By default, when your client subscribes to an Atmosphere endpoint, it receives a default “Broadcaster” object which will subscribe to all topics. You’d do well to read all about it.
However, you probably want to target messages: Think, “topics” and “subtopics”. The goal of this post is to demonstrate a basic example of subscribing and broadcasting to a “topic” using Atmosphere’s Broadcasters, as they comprise the core publish/subscribe “topic” mechanism in Atmosphere
All source code for this example is available on the github.
We’ll set up a chat similar to the previous example. However, this time, we’ll also add a 2nd Websocket connection, and it’ll get pushed only messages whose content contains the String “pie”. A 2nd div will show all the messages pushed to this “pie-only” subscription. It’ll look thusly:
Here’s how we’ll do it, starting on the server.
- ChatService exposes an endpoint at “/atmosphere/chat”. The websocket connections will start at that URL
- ChatService will listen for incoming subscriptions, and when it gets a subscription to “/atmosphere/chat/pie”, it’ll assign the “/pie” Broadcaster to that subscription.
- All other subscriptions get assigned to an “/all” Broadcaster.
- When new messages are posted, the onRequest() method will broadcast the message to the “/all” subscriptions
- In addition, if the incoming message contains the String “pie”, it’ll broadcast the message to the “/pie” subscriptions
On the client, we’ll set up two requests, one to “/atmosphere/chat/all”, and one to “/atmosphere/chat/pie”. Note that “/all” here isn’t a magic word. I simply chose not to broadcast to Atmosphere’s default “/” because if I did that, any “/pie” subscriptions would get those messages as well. Not good.
- In index.gsp, 2 divs are created, one to hold “all” messages and one to hold all the “pie” messages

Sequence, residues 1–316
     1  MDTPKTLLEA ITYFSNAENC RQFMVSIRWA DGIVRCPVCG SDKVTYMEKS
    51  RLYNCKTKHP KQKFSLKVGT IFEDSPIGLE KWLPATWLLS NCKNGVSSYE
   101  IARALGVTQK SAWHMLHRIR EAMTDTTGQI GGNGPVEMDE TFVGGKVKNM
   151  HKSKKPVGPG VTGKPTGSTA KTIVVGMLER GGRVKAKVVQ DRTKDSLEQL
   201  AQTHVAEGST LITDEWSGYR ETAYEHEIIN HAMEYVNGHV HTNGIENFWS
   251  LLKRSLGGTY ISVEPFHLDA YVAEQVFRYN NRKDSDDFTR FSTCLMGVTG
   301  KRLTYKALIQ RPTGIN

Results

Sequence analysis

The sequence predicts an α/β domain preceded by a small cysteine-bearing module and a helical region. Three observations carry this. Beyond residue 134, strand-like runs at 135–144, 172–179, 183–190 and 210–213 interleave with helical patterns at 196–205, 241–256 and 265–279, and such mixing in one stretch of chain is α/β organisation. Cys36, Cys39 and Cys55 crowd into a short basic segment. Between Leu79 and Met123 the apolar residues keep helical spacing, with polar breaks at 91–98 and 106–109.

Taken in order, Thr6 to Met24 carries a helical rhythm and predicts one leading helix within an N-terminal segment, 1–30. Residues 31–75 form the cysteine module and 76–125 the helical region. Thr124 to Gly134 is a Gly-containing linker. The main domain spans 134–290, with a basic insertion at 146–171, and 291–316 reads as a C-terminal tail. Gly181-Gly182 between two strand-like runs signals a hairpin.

- application.js creates 2 “request” objects as described above
- various event handlers are attached to those objects
- those objects are subscribed to the Atmosphere object
- the “onMessage()” event handlers attached to those objects receive broadcasts from the server and push content to their respective divs
Let’s look closer, starting at the server.
Starting at ChatService.groovy, our “root” endpoint is at /atmosphere/chat, which is configured here:
We then have the required onRequest() method, which handles subscriptions (via GET) and message pushes (via POST):
onRequest() : GET
In the first “if()” statement that looks at the request’s “pathInfo”, we see the first use of Atmosphere’s “BroadcasterFactory.lookup( String path )” method, which will create a new Broadcaster at the specified path if it doesn’t exist, and fetch it if it does exist. Rather than let the Event object’s Broadcaster object remain as the default, we assign it to the Broadcaster at the specified path.
When POST requests come in — when messages are pushed from client to server — we pull out the data, broadcast to “/all”, and then decide whether to broadcast to the “/pie” Broadcaster.
The required “onStateChange()” method is standard and makes no provision for the Broadcaster or message. It flushes the data to the client
Again, you’ll want to read all about Broadcasters.
On the client side, we have conceptually simple code — as described above — though we do write a fair amount of JS to configure the websocket connections.
First, the two Request objects:
These are purposefully verbose, though in the real world you’d not have this much duplication, instead perhaps using a base object and extending it with request-specific configuration. The important thing here is simply that each requests targets a specific sub-URL hanging off the main “/atmosphere/chat” endpoint.
Note: The sub-URL (“/all” and “/pie”) are not meaningful to atmosphere. Rather, as we saw above, the onRequest() object merely uses that as a convenient mechanism for assigning a specific Broadcaster. We could also have used additional URL data, headers, etc to determine different Broadcasters!
The onMessage() handler, which completes the event chain from a client message post, to the server, and back to any subscribed clients, is in our case quite simple:
It yanks data out of the pushed message and then calls a method which ultimately appends the data to the DOM in the appropriate div.
When you read the Broadcaster docs, you’ll start to understand that I’m scratching the surface here. You might be wondering: How might I implement a person-to-person chat? If I were writing a Facebook clone, how might I emulate the popups whenever a post I’ve “subscribed to gets an update? If I were writing a GMail clone, how would I emulate the yellow “New Messages” block that appears when you’re reading one message and new responses come in?
You’d start at Broadcasters.
Future posts in this series will take a deeper dive into Atmosphere Broadcasters and explore different strategies for assigning Broadcasters.